Are you using Apiary for documenting your API and GitHub for storing your code base? Apiary has a really cool feature that will keep your markdown stored inside of your git repository and update the Apiary version every time you push a change to Github. To set this up, go to the Settings section of your Apiary account by this icon on the top bar:
Then scroll to the bottom of the page and you will see a “Link Your GitHub Repository” section:
Check the box to grant access to the private repositories (if you’re connecting to a private one) and then click Connect to GitHub. Once you have finished the authorization process you will be back on the same page in Apiary, but it will look like this:
Click on the repository you want to connect it to and click Go. Apiary will add a file to the master branch of the repository named apiary.apib. If you update the Apiary documentation on their website and save it, it will do a git commit to keep the repository up to date. Even better, if you commit changes to the Apiary markdown inside of your repository and push it to GitHub, the latest documentation will be reflected in Apiary! This makes it very convenient to keep your Apiary in lock step with your code and you can even apply branching and tagging to it now.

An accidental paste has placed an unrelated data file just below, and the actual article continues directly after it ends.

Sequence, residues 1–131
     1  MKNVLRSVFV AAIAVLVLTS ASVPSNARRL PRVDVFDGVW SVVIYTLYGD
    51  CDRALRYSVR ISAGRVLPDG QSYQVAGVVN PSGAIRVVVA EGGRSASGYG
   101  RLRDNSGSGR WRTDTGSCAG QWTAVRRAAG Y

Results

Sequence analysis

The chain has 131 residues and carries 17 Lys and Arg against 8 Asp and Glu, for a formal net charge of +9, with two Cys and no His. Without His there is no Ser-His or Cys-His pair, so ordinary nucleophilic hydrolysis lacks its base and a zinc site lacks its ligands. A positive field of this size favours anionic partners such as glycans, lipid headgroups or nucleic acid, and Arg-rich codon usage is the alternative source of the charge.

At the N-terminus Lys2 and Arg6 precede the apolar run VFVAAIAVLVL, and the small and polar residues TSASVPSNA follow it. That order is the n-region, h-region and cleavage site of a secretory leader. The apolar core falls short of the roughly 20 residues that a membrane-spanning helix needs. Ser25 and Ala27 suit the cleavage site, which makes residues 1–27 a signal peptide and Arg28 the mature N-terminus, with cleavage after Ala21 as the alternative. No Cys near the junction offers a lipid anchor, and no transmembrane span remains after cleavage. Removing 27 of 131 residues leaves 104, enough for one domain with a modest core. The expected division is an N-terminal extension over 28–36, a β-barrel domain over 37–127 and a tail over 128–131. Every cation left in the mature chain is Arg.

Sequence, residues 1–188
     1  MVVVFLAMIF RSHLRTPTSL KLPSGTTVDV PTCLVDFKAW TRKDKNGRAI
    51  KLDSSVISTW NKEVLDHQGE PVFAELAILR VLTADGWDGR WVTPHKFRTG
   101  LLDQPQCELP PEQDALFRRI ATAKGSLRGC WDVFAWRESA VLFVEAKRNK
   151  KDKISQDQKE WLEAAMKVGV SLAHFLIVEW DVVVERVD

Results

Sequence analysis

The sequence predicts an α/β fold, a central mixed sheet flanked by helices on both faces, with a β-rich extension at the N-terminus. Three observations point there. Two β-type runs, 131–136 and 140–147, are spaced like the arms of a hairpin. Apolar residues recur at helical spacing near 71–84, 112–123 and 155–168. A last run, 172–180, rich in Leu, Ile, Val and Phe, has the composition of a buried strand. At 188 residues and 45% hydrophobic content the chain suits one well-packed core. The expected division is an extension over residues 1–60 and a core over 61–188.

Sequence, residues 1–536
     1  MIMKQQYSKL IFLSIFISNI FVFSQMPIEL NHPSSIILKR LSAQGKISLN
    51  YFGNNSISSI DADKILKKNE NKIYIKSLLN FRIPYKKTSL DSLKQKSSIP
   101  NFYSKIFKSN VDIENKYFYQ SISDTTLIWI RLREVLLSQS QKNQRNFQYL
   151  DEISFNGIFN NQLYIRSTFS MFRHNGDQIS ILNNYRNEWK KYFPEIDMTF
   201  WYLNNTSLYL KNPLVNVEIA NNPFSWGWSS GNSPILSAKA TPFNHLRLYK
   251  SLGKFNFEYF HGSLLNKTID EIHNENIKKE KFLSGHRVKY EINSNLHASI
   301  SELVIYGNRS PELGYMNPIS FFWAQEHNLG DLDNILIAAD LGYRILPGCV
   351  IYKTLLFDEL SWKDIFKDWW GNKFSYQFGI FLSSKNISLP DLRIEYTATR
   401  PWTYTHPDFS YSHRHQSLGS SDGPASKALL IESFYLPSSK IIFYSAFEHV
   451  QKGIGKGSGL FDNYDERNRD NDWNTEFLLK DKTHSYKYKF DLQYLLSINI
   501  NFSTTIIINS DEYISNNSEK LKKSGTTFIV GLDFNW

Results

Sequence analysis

Now for the Coup d’état: Integration with your README.md!
As you probably know, GitHub supports a special file in the root of the repo called README.md. This is a MarkDown file that almost everybody uses to display the documentation for the repository. GitHub renders it below the root file listing on the repository homepage. Since the markdown dialects for Apiary and GitHub are reasonably similar, it would be really awesome if your Apiary documentation showed up here!
Luckily for us, git supports symlinks. Check out your repository and get rid of your existing README.md file (if any). I actually moved mine to INSTALL.md since it was more appropriate for installation than primary documentation. Now run the following from your command line (Linux and Mac Only – Sorry Windows folks, I have no clue if Windows has some version of symlinks yet):
ln -s apiary.apib README.md git add README.md git commit -m "Symlinking README.md to apiary.apib thanks to demar.is" git push origin master
Voila! Other than the FORMAT: 1A line at the top, this looks great!